Winter has always felt like my “grind time,” where I just hunker down and tend to work longer days–both at night and on weekends–because, truthfully, I want to. There is something about the cold, snowy weather here in Massachusetts that totally puts me in the working mood and makes me feel productive.
Summer, on the other hand, has always been a time that I want to enjoy. The warm weather only lasts so long here, and I want to take advantage of it while I can! When I first started my business, however, I was rarely taking days off and was working nonstop throughout my favorite season, despite wanting to soak up the summer sun and head to the beach. That’s because I felt this massive guilt around wanting to pause work for the day…
My clients need me. I can’t afford to not be working for a day. Taking time off will only push me back.
Those are just some of the thoughts that I had. And to be honest, I had those limiting beliefs for quite some time. It wasn’t until just last summer, 2.5 years into owning my business, when I finally allowed myself to take time off and realized the importance of doing so. And that’s because I realized that one of the reasons why we start a business is to be able to determine our own schedule–so how was that benefitting me if that’s what I was not doing? I decided to make a change.
I had my first week-long, work-free vacation last summer in Maine, where I didn’t even bring my laptop or work at all (although I actually couldn’t work even if I wanted to because of the service and lack of WiFi!).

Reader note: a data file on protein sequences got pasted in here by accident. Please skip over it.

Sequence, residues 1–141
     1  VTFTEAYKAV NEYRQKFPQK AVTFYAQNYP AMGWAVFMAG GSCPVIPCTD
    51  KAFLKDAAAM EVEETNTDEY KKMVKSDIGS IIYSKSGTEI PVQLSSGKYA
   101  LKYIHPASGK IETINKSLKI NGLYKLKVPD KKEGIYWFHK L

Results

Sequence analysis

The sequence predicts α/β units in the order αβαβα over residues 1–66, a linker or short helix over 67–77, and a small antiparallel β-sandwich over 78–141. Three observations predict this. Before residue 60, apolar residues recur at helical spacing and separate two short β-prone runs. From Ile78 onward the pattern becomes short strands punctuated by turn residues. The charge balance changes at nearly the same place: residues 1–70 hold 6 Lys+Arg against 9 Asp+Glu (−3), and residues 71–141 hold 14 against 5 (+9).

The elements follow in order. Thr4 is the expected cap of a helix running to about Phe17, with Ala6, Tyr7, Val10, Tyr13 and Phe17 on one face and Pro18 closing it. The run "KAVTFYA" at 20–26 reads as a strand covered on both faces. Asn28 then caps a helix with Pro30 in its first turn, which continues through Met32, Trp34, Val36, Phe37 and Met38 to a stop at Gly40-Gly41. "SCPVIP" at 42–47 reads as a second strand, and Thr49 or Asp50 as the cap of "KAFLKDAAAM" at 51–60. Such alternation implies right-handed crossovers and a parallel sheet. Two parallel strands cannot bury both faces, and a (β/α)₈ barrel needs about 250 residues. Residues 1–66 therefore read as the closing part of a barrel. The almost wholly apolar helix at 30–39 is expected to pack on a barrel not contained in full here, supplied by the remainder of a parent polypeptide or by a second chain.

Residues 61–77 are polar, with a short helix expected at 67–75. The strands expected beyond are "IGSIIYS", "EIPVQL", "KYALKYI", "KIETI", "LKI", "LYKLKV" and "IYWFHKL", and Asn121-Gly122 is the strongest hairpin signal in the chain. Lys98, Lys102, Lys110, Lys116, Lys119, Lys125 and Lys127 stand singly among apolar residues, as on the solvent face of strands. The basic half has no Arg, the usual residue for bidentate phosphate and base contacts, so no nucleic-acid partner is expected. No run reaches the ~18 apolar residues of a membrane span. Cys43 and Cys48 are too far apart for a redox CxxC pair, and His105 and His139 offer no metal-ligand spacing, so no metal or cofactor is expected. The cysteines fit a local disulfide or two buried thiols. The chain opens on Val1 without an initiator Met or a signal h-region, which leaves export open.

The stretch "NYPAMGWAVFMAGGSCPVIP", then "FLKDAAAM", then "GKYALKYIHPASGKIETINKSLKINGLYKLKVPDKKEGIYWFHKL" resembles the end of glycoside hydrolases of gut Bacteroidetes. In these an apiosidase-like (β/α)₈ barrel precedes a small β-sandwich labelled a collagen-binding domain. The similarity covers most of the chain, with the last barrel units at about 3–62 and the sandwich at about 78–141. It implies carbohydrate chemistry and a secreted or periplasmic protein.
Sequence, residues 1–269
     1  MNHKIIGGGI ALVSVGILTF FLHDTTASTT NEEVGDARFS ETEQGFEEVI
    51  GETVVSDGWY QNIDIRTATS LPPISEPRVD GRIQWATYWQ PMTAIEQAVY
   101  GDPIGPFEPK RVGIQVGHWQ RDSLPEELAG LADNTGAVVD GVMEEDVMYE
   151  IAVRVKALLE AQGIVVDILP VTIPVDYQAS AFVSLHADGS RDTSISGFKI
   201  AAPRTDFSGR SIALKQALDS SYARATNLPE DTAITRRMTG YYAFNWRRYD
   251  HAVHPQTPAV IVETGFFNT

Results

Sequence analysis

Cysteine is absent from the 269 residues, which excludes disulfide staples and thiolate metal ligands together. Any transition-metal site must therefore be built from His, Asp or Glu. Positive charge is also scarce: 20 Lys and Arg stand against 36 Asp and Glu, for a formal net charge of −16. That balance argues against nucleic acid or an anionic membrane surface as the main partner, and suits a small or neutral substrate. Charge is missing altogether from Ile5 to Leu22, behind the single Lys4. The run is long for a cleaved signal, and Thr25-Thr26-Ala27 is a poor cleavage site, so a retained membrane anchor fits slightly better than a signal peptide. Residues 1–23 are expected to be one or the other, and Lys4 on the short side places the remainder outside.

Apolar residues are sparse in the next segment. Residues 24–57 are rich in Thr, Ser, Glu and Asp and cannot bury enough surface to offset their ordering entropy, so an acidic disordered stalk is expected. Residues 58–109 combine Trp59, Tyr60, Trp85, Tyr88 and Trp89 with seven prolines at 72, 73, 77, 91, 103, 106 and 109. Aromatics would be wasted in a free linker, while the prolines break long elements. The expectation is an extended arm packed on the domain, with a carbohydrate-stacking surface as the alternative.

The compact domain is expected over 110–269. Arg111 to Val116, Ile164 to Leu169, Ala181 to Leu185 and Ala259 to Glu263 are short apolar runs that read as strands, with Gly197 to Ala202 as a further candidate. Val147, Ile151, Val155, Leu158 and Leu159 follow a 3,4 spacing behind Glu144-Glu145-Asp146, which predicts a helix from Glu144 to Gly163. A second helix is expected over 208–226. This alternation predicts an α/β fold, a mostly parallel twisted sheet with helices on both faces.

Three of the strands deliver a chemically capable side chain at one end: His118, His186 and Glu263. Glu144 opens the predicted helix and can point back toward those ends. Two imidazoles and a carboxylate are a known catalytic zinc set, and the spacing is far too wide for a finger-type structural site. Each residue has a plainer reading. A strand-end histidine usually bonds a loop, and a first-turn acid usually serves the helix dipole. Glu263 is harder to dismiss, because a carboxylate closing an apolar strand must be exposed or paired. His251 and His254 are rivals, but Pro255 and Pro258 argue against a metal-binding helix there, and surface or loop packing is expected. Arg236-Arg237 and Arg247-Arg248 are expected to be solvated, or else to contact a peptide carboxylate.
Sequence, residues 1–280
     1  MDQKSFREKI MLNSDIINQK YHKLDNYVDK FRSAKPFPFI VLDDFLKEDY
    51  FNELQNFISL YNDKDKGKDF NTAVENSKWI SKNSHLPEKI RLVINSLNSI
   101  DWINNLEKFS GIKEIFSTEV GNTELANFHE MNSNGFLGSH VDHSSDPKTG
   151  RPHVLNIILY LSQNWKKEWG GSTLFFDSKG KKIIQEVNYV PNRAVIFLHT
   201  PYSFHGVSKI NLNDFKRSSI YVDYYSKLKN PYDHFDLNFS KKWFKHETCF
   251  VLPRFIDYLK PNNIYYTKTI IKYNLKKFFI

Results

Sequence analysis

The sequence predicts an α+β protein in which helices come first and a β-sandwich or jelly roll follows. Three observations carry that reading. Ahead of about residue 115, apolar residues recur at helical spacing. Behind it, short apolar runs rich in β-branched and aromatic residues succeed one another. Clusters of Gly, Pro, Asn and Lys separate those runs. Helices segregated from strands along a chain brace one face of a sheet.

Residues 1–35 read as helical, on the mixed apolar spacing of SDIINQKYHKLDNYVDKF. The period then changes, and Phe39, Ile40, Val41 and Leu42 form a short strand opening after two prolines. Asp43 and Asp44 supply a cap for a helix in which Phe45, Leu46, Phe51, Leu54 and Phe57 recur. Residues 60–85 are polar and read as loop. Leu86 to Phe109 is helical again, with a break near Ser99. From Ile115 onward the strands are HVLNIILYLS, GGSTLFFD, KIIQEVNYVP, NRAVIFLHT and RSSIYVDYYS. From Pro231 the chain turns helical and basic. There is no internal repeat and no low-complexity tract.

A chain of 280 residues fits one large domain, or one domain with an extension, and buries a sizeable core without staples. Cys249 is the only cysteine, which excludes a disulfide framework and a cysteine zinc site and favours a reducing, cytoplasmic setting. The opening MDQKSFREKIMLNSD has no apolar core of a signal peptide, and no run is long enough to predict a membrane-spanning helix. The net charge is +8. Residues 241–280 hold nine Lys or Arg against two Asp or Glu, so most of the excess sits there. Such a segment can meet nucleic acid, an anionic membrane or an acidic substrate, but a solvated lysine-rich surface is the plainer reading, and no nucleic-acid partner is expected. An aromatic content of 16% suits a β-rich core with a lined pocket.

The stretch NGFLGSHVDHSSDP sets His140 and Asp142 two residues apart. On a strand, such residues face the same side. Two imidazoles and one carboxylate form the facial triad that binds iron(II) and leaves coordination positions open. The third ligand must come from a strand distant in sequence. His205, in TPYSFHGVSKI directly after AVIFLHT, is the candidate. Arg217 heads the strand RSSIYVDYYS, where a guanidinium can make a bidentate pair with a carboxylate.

Yet what I didn’t even realize until the trip started was how badly I needed a break. Being able to leave my phone in the house all day long and not feeling a need to use it was incredible… and that was what really helped me to understand that taking time to unwind as a business owner is crucial for both your personal and professional performance.
But, as I’m sure you know, taking time off as an entrepreneur isn’t as easy as it sounds. It’s totally possible, but there are a few extra steps that should be taken to ensure all of your Is have been dotted and your Ts have been crossed before unplugging. And that’s exactly why I’m going to share with you how I was able to not only take a week off for that vacation but also take every Friday off to go to the beach.
Delegate to Trusted Team Members
I’ve said it before and I’ll say it a million times more… delegation is key. If I didn’t have an assistant, I truthfully don’t think I would have gone on that vacation last year because it just wouldn’t be possible to vacation and ensure work is done when I’m the only one who could work. But with my assistant, she was able to monitor emails from clients, handle social media posting and engagement, fix small issues, and more all while I was gone.
And let me tell you, that was a huge relief. Do you know how amazing it felt to not feel like I was needed all the time? And to know that it was OK to not open my email? And to be able to spend my time doing NOTHING? Incredible.